PayPal is still performing well, one important metric we look at is total payment volume, also known as TPV. During Q2, PayPal’s TPV increased 11% year-over-year to $376.5B, very impressive if you ask me. To specify, US volume grew 9% YoY and non-US volume grew 14% YoY. This shows that payment volume is still going up and especially internationally PayPal still has remarkable growth numbers.
Unfortunately, the total take rate (total revenue divided by TPV) has been declining over the last few quarters. This isn’t something we would like to see, but these declines are fairly modest. In addition, PayPal’s management team mentioned that foreign currency changes affected their results, mainly due to the strength of the US dollar.
The online payment business is highly competitive, which lots of companies within the industry have experienced over the last year. The only companies holding up fairly well are Visa (V) and Mastercard (MA), which seem to be in a league of their own. PayPal has suffered from the increasing complexity of the payment business, as can be seen in their declining gross margins as we talked about earlier.
Nonetheless, PayPal’s Braintree competes with companies like Adyen (OTCPK:ADYEY) and privately held Stripe. Adyen suffered as well, as the stock got slaughtered after its recent earnings. As such, PYPL isn’t the only company suffering in the current climate. Nonetheless, Braintree posted very consistent growth numbers, 30%+ revenue growth, and 30%+ volume growth respectively. Management mentioned that they believe Braintree’s currently has a lot of momentum and is experiencing continuous success. Furthermore, Venmo has been a very effective customer acquisition tool for PYPL as it utilizes PayPal’s internal network to quickly transfer funds between users free of charge. This is a clear competitive advantage compared to banks and their ACH transfers.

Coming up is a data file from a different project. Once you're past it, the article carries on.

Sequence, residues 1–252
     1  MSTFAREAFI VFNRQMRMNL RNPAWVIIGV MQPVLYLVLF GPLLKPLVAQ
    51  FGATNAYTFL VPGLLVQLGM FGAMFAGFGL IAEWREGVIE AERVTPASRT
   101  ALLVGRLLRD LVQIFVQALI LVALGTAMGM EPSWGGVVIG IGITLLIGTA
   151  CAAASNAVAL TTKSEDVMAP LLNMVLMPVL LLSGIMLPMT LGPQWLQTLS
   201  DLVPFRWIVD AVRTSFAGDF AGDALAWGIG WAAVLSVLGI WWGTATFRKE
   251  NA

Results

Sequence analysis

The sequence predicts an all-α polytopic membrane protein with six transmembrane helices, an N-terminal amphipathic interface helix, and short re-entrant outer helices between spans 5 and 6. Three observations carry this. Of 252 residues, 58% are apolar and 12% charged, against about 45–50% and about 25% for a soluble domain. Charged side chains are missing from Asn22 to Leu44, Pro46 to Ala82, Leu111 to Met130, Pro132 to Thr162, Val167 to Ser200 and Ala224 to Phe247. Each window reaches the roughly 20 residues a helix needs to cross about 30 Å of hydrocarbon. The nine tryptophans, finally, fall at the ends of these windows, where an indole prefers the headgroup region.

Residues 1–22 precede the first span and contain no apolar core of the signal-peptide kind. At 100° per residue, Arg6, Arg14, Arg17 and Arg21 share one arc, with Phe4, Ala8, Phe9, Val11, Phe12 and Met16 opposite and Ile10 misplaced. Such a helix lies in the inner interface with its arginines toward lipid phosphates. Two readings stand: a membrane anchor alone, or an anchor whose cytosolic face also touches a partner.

When we look at the table below in which we compare PayPal to its peers, we can see that PYPL looks relatively cheap compared to its peers. We must admit it is hard to compare PYPL with both Visa and Mastercard as they are quite different. Nevertheless, it is important to look at both of these companies as they are a major part of the payment industry. For reference, we also included Coinbase (COIN) due to PYPL’s decision to start competing with Coinbase in the world of crypto.
As can be seen in the chart above, PYPL is much more attractively priced compared to the giants Visa and Mastercard. With a P/E GAAP of 17.9 compared to 29.14 and 34.67 for V and MA respectively.
In addition, on a P/E GAAP basis, PYPL is the most attractive stock out of the bunch. Furthermore, Block (SQ) is the only stock that is more attractive on a P/S basis. On a price-to-forward cash flow basis PayPal is the second cheapest only losing to Global Payments (GPN). Toast (TOST) is looking fairly expensive at a 93.06x price to forward cash flow.
With a current forward PE of 12.98, PYPL is much more attractive than the S&P 500’s (SPY) forward PE ratio of 19.90 as can be seen in the chart below.
We also mentioned COIN due to PayPal’s entry into the crypto market. More specifically, the company announced that it will launch its own stablecoin, named PayPal USD (PY-USD). Due to PayPal’s large user base of 400 million users and the company operating its own crypto wallet, they can be a serious threat to Coinbase, which only has 100 million users.
As such, PayPal might be able to rapidly take market share from its competitors within the crypto space. Furthermore, the blockchain and cryptocurrency sector is poised for strong growth for the remainder of the decade, as we discussed in one of our articles.
We believe PYPL is attractively valued when compared to competitors and is currently priced like a value stock. If the company is able to reactivate its growth the multiples could quickly expand, which would make a valuation like we mentioned in our bull and super bull cases more likely.
In this article, we already discussed PayPal’s technical analysis and even analyzed the option chain so we could look at where the stock might be heading.